Due Stelle Awarded to Via Carota

The New York Times restaurant critic Pete Wells is once again wooed by unfussy fare in the West Village
Yelp/Via Carota

Pete Wells proclaimed that chef Sodi’s “pastas taste the way they are supposed to taste.”

We’ve said it before, and we’ll say it again: the sure-fire way to earn a multiple star review from The New York Times critic Pete Wells is to serve him simple, understated, and elegant food and expertly-crafted drinks in a subtly cool atmosphere. It worked for Shuko two weeks ago, and this week it proved true once again for their West Village neighbor, Via Carota.

Pete Wells gave Shuko three stars because chefs and business partners Nick Kim and Jimmy Lau are “both young and fluent in several cultures at once, [and] have taken all the preciousness out of omakase and kaiseki dining and replaced it with a relaxed, sophisticated cool.” Seems that there’s an epidemic of this kind of restaurateur-ism happening in the neighborhood, as the critic detailed that Via Carota co-chef and owner “Ms. Williams’s other restaurant, Buvette… is French, and its premise seems to be that everything about France and the French is deeply adorable… Fortunately, while Via Carota has been energetically propped, it avoids the preciousness of Buvette... Best of all, Ms. Williams and Ms. Sodi are cooking deeply appealing food, without mugging.”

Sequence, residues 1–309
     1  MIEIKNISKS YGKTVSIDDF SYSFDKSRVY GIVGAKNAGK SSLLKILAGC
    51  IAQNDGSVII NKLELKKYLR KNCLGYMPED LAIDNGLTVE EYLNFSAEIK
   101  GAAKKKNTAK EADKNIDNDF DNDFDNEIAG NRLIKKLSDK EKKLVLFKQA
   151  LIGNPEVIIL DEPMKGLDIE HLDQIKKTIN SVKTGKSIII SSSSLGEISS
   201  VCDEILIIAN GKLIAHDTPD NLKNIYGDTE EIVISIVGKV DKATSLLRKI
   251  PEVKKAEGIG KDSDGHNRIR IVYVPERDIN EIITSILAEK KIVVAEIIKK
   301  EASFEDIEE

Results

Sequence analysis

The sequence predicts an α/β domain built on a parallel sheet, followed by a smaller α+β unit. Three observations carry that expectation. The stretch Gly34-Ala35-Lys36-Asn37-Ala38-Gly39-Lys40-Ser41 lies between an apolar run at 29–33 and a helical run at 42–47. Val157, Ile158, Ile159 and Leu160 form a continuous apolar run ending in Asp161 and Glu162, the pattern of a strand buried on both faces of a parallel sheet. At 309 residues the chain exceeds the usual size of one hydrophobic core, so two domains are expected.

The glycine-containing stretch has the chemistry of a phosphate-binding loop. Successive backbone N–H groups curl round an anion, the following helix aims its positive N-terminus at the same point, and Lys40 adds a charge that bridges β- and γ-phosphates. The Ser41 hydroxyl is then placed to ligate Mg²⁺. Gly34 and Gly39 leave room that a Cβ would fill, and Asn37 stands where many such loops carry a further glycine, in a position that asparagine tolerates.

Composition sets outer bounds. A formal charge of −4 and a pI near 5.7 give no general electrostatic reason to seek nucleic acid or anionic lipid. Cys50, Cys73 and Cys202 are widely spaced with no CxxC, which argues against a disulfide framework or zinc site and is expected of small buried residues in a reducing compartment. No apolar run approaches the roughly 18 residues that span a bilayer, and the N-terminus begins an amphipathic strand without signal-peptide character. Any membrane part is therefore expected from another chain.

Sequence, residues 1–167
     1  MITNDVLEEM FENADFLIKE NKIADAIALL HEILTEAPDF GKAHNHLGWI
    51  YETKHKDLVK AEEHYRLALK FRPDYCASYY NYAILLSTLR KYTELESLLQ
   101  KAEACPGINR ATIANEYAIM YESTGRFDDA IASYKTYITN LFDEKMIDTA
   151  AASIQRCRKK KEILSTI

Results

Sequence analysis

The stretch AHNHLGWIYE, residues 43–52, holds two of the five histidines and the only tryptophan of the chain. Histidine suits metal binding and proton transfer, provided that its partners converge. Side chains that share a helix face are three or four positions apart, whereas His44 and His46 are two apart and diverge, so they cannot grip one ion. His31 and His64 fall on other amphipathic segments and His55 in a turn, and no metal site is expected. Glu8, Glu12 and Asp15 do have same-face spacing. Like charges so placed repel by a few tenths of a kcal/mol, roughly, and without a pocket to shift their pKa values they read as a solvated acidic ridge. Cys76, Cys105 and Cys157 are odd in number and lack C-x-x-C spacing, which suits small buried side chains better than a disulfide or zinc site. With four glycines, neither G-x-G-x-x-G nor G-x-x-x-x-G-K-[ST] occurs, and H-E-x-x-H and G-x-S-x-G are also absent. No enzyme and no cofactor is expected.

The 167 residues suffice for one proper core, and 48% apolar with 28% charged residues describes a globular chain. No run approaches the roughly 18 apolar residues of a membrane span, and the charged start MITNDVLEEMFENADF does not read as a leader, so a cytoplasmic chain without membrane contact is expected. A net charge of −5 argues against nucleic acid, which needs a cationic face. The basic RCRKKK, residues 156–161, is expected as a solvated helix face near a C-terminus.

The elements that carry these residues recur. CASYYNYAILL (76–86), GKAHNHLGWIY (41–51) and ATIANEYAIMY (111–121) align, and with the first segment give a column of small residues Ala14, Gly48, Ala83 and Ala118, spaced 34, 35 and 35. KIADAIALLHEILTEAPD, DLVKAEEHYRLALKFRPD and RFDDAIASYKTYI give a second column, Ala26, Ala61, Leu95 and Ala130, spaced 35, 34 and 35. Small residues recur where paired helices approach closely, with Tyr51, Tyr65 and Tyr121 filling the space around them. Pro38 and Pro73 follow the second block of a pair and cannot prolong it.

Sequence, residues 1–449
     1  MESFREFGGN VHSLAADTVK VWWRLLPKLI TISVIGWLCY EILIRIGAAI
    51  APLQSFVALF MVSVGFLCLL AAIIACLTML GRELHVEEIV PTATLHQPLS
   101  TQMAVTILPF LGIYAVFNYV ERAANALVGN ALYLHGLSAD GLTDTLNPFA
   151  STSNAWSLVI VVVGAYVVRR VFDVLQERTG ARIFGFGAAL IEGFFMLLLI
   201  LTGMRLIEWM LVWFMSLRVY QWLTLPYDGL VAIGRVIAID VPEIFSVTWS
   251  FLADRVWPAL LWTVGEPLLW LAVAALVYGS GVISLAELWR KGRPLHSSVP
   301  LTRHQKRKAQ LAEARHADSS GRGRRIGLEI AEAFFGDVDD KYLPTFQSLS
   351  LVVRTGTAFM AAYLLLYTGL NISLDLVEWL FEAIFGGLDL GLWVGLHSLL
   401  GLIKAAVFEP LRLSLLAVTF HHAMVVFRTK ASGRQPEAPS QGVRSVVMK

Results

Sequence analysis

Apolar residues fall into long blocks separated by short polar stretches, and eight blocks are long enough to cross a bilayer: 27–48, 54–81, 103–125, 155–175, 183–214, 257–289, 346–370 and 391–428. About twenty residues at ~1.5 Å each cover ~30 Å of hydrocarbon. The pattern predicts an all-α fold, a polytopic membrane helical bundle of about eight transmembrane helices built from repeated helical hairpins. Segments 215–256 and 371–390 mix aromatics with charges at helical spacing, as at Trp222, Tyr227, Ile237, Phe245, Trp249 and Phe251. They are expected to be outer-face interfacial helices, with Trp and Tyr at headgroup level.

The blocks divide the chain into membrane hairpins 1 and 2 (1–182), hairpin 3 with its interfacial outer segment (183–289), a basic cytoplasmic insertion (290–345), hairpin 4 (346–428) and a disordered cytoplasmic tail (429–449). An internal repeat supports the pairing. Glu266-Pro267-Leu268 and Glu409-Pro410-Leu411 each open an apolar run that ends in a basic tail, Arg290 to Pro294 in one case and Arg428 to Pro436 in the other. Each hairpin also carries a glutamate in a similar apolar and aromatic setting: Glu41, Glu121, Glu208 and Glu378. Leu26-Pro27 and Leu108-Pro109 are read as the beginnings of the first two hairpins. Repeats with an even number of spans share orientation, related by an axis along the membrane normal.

Delighted by the absence of posturing on the menu, Wells proceeded to recommend just about everything listed on it. Craving something from the garden? You’re in luck, as the critic described these dishes as “one of Via Carota’s strongholds;” of chef Sodi’s pasta, he proclaimed that her “pastas taste the way they are supposed to taste, the sauces not too complicated or heavily applied, the noodles not too tight and not too flabby;” and the “very good” fried rabbit was “patiently pan-fried.”

Another seemingly-crucial component of a multi-starred dining experience for Wells is a well-mixed drink, and Via Carota delivered the goods. After declaring “the mash of walnuts, honey and lardo that the chefs spread on another crostino” to be so excellently versatile that it “would probably be good sold from a vending machine at the Port Authority,” he playfully corrected himself by countering “But then you would miss the short and no-nonsense list of drinks made from as few ingredients as possible… Or the much longer but still no-nonsense wine list, which covers a lot of ground without letting the prices get too out of hand.”

Simple, understated, and elegant food? Check.

Expertly-crafted cocktails and an affordable wine list? Check.

The last piece of the two- or three-star review formula appears to be probably the hardest to develop and regulate: ambience. Luckily, chef Williams is on top of it, as she has a penchant for “buying antique nail barrels, china hutches, silver teapots, seltzer siphons, porcelain creamers, glazed cheese crocks, woven wood baskets, woven metal baskets and other stuff to fill a restaurant.” The restaurant’s food and location are also critical components to creating this sought-after downtown-hip vine, and Wells promises that you don’t want to “miss the chance to see the West Village take to this restaurant as if it had been around as long as one of Ms. Williams’s olive bowls.” So, subtly cool atmosphere? Check.

Lo and behold: a two-star review for Via Carota from Pete Wells.

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